Finding an Honest Mechanic in Chicago

guaranteed1. Research before you need it

Find a mechanic before you need one. If you wait until your car breaks down, you’ll be rushed into making a decision – and it might be the wrong one. Start by verifying any warranties or service records you have on your vehicle to get an idea of what you’ll need in the future and what’s covered by warranties. Then use the tips below to gather a list of Chicago mechanics in your neighborhood and narrow it down to the perfect place.

2. Skip the dealership

If your car is still under warranty and the service you need is free or deeply discounted, then head to the dealership. If not, head to an independent shop – they’re cheaper. On average, AutoMD says drivers save up to $300 a year by using an independent auto shop over a dealership.

4. Ignore the tow truck driver

Or anyone else with a monetary interest in where you take your car. More often than not, they’re in it for the money, not for you. When my car died in a parking lot, I called for a tow. As soon as the tow truck driver arrived, he suggested (repeatedly) that I take my car to a “great mechanic I know.” When I refused, he gave me the mechanic’s card and insisted I call later. When I got home, I looked up the “great mechanic.” Not only did he get horrible reviews, but he was partnered with the tow truck company – a fact the driver failed to mention.

5. Read reviews

Read a few reviews on every mechanic you consider. There’s plenty out there. For example:

6. Look for certifications and memberships

  • ASE certification – Mechanics must pass knowledge tests to obtain an ASE (or Automotive Service Excellence) certification.
  • ASA membersAutomotive Service Association members must pledge to uphold certain ethics – like having excellent customer service and performing high-quality service.
  • AAA – To join the American Automotive Association’s list of repair shops, mechanics must offer a 12-month-or-12,000-mile warranty. (You don’t need a membership to view the list.)

7. Find an auto shop with the right equipment

Modern cars have advanced computer systems that need special tools to diagnose problems. Make sure the shop you use has the right equipment for your vehicle. Otherwise, the mechanic may not fix the problem correctly and you might find yourself back in the shop. Ask the mechanic what equipment he plans to use on your car and if that equipment is specific to the make and model. Then ask if you can see the equipment in person. Some less-than-honest mechanics will tell you they have something when they don’t.

8. Don’t shop price alone

I had a hard time following this advice when I was shopping for a mechanic, but resist the urge to go with the cheapest estimate. You don’t need to pay top dollar to get great service, but you can’t base your decision all on price, either. The mechanic may be cheap for a reason. If the work isn’t done right, you’ll end up with bigger problems later on. Take all of the other tips into account first. Once you find three or more mechanics that meet other requirements, then compare price. This way, you’ll find a great mechanic and save money.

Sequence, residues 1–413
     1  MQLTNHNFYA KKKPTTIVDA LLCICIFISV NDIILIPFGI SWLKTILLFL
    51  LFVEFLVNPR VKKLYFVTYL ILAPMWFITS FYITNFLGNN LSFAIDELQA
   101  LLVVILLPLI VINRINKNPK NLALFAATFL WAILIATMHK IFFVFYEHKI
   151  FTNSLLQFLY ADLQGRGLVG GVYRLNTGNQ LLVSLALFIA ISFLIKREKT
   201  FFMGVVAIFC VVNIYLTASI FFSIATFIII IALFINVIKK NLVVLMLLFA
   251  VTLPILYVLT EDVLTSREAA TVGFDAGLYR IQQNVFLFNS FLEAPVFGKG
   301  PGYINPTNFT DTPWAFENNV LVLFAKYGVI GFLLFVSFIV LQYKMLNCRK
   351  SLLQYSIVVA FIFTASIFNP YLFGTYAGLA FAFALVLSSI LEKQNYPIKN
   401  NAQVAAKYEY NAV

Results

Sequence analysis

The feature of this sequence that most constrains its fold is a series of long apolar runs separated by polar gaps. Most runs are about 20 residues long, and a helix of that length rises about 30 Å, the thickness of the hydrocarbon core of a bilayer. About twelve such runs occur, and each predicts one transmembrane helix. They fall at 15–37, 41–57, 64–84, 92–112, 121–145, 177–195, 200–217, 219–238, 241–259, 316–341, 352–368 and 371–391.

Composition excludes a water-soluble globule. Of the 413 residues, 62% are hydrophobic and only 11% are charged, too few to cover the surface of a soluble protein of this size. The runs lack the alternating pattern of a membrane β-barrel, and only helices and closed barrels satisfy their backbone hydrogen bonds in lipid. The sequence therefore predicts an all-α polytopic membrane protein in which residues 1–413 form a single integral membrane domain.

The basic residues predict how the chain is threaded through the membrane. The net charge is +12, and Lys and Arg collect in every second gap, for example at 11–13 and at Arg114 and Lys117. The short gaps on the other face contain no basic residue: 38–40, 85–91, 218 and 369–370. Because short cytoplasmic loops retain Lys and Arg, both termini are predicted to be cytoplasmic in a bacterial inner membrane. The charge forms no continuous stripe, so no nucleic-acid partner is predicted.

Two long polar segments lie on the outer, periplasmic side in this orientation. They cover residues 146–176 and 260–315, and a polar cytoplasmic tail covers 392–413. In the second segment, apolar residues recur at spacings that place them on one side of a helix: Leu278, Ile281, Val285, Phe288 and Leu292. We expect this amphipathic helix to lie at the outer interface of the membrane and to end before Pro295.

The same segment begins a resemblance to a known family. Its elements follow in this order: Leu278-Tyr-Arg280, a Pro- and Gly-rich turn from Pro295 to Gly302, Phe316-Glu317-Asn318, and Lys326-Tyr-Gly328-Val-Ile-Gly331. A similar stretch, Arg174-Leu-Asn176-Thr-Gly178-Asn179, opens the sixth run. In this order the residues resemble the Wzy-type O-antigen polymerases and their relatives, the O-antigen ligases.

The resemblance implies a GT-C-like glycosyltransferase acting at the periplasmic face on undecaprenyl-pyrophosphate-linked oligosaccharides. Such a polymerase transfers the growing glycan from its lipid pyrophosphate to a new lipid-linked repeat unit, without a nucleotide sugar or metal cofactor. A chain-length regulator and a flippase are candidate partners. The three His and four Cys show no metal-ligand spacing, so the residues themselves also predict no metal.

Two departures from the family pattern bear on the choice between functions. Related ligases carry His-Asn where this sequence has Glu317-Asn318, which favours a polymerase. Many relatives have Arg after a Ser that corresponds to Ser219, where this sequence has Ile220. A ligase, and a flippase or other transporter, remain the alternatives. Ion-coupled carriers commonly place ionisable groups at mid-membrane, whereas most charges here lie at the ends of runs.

9. Ask about parts

Ask what brand or type of parts the mechanic uses and why. Some mechanics only use factory parts, but they’re more expensive than aftermarket parts – and they aren’t always needed. A good mechanic uses factory parts when he has to and aftermarket parts the rest of the time to save his customers money.

10. Ask about shop supplies

In “Confessions of a Car Dealership Service Manager”, Popular Mechanics asked an anonymous service manager for an example of a popular tactic used to pad the bill. The answer: charging for “shop supplies.” When a shop charges for shop supplies, they’re charging you to use the stuff they already have to buy to keep their business running. The service manager admitted he’s seen shops add $30 to a bill for the use of three towels. So ask if the mechanic charges for supplies – and don’t trust one that does.

11. Find a mechanic that specializes in your car

All cars are different. If you own an SUV, don’t take it to a mechanic that specializes in sports cars. You’ll get better service if you find a mechanic that works on your type of car. When talking to the mechanic, ask if he specializes in a certain make or type of car. Many do. If not, ask what cars he has worked on recently or what type he works on the most.

12. Check the shop’s hours

If the shop doesn’t have convenient hours, you won’t be satisfied, and it might end up costing you. When I was searching, I found a great mechanic, but he closed at 3 p.m. and wasn’t open on Tuesdays. I don’t have the time to take off in the middle of the day to check on my car, so I went with someone else.

13. Stake out the shop

Want to see how the mechanic really works? Pause outside the shop. If you see customers leaving angry, he’s lacking customer service skills. If the shop bay is dirty and littered with parts, he’s not being professional. Move on.

14. Do an honesty check

My auto enthusiast friend suggests doing a little recon before you pick a mechanic. Take your car to the mechanic when you know nothing is wrong – but tell him you think there’s a problem. An honest mechanic will tell you there isn’t one. A dishonest mechanic will come back with a laundry list of needed repairs.

15. Start with a small job

Test drive a new mechanic with a small job like an oil change or air filter replacement. If the mechanic can’t do small jobs well, do you really trust him to rebuild your engine or replace your brakes?

16. Ask questions

Ask every question you can think of. The mechanic should answer all of them in layman’s terms and without attitude. If the mechanic blows you off, acts put out by talking to you, or doesn’t break down complicated concepts, don’t give him your business. It’s your money, you need to know where it’s going and why.

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